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Skipton to increase maximum loan size for FTBs to £500,000

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Skipton Building Society is increasing its maximum loan size for first-time buyers from £300,000 to £500,000 to accommodate borrowers in areas with higher than average house prices like London and the South East.

Brokers are being informed of the change today in time for Monday when it takes effect. The building society’s maximum loan size for all other borrowers is currently £1m, or £500,000 for 90 per cent LTV mortgages.

Skipton will lend to a maximum of 90 per cent LTV at present. Until March last year the society lent to 95 per cent LTV but pulled out due to unexpected demand for the products. There are no immediate plans to reintroduce 95 per cent LTV products but a spokeswoman confirmed its position is constantly under review.

Out of the 32 London boroughs, all but four have an average house price that is lower than £500,000, based on the Land Registry’s March house price index.

Moreover, the average house price in the fifth most expensive borough, Islington, was £499,266 in March, meaning that a borrower looking for a 90 per cent deal would qualify for a mortgage with the society as long as the value of their home was no greater than the average for the borough.

The four boroughs with an average property price greater than £500,000 are Kensington and Chelsea, at £1.1m; the City of Westminster, at £769,763; Camden, at £652,417; and Hammersmith and Fulham, at £602,693.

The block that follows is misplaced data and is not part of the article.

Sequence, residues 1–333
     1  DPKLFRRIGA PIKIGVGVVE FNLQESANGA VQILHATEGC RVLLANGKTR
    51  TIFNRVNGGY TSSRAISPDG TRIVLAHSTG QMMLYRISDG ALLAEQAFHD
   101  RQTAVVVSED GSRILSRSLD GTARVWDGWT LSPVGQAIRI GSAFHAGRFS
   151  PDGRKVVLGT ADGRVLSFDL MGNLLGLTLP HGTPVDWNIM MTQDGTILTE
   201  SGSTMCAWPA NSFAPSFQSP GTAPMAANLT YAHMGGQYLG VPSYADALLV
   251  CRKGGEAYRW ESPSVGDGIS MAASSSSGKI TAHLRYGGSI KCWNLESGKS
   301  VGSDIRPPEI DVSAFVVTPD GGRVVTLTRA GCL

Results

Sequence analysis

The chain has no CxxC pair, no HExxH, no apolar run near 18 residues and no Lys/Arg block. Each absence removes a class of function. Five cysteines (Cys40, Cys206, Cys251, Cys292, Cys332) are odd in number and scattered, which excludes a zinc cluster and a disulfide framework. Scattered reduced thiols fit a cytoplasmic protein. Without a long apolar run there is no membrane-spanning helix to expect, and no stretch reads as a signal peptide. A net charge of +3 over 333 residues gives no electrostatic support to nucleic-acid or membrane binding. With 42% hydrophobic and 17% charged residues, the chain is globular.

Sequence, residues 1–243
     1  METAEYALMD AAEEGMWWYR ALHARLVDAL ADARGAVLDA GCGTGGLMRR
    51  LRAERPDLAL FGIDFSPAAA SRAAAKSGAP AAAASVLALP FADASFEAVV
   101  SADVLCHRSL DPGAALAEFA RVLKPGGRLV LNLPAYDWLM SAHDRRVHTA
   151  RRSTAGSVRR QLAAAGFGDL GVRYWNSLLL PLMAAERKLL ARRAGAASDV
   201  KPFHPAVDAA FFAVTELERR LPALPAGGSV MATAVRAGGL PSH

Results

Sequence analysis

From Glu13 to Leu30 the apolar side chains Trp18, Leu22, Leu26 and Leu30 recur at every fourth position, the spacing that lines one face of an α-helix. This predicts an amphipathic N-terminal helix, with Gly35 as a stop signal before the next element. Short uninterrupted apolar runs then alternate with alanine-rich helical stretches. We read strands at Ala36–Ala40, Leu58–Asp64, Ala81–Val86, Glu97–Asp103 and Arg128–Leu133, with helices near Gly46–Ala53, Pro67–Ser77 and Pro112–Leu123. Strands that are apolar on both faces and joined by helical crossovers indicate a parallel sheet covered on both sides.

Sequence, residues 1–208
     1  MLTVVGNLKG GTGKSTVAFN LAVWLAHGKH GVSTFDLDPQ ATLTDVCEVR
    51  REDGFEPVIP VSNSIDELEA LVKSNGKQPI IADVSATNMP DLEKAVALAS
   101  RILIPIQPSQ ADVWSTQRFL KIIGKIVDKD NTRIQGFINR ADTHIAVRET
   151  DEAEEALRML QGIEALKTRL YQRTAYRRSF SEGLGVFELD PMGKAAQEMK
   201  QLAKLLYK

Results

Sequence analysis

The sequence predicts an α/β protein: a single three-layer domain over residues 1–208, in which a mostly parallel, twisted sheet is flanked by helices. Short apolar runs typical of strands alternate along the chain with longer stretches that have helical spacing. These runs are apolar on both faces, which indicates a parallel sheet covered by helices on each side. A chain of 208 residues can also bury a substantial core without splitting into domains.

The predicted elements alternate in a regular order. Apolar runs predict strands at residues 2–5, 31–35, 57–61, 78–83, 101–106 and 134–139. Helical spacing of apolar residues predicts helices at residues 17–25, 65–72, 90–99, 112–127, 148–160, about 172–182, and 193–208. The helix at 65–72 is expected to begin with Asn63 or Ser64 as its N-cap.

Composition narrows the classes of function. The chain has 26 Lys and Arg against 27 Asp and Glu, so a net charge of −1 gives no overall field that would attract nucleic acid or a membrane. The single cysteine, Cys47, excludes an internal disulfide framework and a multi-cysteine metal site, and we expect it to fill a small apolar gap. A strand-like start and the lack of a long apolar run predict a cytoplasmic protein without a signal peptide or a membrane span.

Skipton senior products manager for mortgages William Gill says: “In view of average property prices, especially in London and the South East, we believe there is an opportunity to lend higher value loans to people looking to purchase their first home.

Unlike their traditional image, many first time buyers are typically older, have families and have rented for a long period of time while saving their deposit and we want to help these people get onto the property ladder.”

Gill confirmed that the society is “keeping our options open” about whether it joins the mortgage indemnity element of Help to Buy when it launches in January and is waiting for the Chancellor to publish more details about the scheme.

London & Country associate director of communications David Hollingworth says: “This is likely to be helpful to borrowers wanting to buy in the South, or South East. It is good news and it shows a general shift in lender attitude and a widening out of the risk profile a bit, even if it is in a fairly gentle way.”

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